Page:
Joe Raedle/Getty Images
A drilling platform is seen near the site where the Deepwater Horizon oil platform in the Gulf of Mexico.
A drilling platform is seen near the site where the Deepwater Horizon oil platform in the Gulf of Mexico. Joe Raedle/Getty Images
President Obama's approach to domestic oil drilling has shifted over this year. Taken together, those shifts have managed to anger just about everyone in the oil drilling debate at one time or another.
At Andrews Air Force Base in March, Obama surprised many of his supporters with these words: "Today we're announcing the expansion of offshore oil and gas exploration."
"It's risky, it's dangerous, and there's a better way to meet America's energy needs than to engage in a set of activities that are proven to be unsafe," says Michael Brune, executive director of the Sierra Club.
In April, the Deepwater Horizon well exploded in the Gulf of Mexico. Obama then declared a one-month moratorium on new deep-water drilling.
And as that month drew to a close, the president said this in the White House Rose Garden: "We will continue the existing moratorium and suspend the issuance of new permits to drill new deep-water wells for six months."
"Why six months? What does that mean?" asks Rayola Dougher, a senior economic adviser for the American Petroleum Institute.
She says the six-month moratorium is devastating the lives of rig workers for no good reason.
"How are you more safe in six months?" Dougher asks. "What do we need to do? None of that was lined up; it was just kind of an arbitrary six-month period."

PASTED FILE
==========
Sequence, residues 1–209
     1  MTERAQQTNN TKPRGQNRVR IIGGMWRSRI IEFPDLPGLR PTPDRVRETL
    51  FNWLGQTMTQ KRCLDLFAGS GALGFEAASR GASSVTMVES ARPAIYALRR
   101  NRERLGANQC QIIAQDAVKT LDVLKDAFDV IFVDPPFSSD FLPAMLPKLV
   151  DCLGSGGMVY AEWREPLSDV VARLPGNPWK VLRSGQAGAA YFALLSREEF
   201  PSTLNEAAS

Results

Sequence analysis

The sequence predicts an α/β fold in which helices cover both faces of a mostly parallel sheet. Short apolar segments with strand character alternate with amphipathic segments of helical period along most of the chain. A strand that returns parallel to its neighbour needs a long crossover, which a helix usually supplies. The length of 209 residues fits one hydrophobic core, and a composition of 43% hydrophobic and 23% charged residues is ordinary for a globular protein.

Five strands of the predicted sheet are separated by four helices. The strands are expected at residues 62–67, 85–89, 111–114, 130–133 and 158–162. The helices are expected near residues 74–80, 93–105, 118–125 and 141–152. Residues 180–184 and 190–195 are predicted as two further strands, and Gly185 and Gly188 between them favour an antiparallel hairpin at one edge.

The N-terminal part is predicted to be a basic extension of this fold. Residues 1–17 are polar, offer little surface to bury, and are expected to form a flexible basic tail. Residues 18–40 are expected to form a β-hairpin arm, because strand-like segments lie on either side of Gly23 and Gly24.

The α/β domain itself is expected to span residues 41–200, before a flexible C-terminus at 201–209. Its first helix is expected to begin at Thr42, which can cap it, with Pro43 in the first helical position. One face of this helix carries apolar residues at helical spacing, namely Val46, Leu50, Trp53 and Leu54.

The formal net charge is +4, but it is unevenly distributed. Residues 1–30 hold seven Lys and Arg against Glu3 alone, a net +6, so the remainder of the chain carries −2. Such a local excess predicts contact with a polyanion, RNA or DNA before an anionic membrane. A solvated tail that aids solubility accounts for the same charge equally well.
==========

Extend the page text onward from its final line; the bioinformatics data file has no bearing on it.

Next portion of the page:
And on this issue, Brune of the Sierra Club partially agrees with Dougher.
"We're skeptical about whether a six-month moratorium will actually solve the problem or if it's mostly designed to solve the appearance of a problem," Brune says.
Dougher of the Petroleum Institute wants a shorter moratorium. Brune of the Sierra Club wants a longer one. Both sides accuse the White House of shifting with the tide.
But White House energy adviser Carol Browner says that's not what's happening at all.
"As part of breaking our dependence on foreign oil, we needed to look at domestic opportunity," Browner says. "We put forward a plan that would've increased domestic production. And that's all, I think, been consistent throughout the candidacy and the presidency. Obviously, we had an accident occur and we learned things that we didn't know."
She says deep-water drilling is on hold until the administration has the answers to three specific questions: Why did the spill happen? How can future spills be contained? And what's the best way to clean up a spill?
"As we get answers to these questions, there will be a return to drilling," Browner says. "But until we have the answers, we need to maintain this pause."
When asked about the specific six-month time frame, Browner replied, "The time frame is to make sure we have adequate opportunity to get the answers. If we get them sooner, we can lift the moratorium sooner. But we need to get the answers to the questions."
But if there are no answers by Nov. 30, does that mean the moratorium could go longer?
"We have to get the answers," Browner insists. "Whether we get them next week or next month, we need to get the answers."
The Petroleum Institute's Dougher says that proves her point: "Uncertainty is really almost as devastating as the certainty. It makes it very difficult for anyone to move forward with investment decisions. Do I stay in the Gulf? Do I leave? You really need to make that decision sooner than later."
And just as the president is facing questions about his decision to impose the moratorium, there will be questions about his eventual decision to lift it.
The Sierra Club's Brune says his confidence that Obama will do the right thing is "pretty low right now."
Ultimately, whether the moratorium is lifted next month or next year, some will say it is overdue, and others will say it's premature.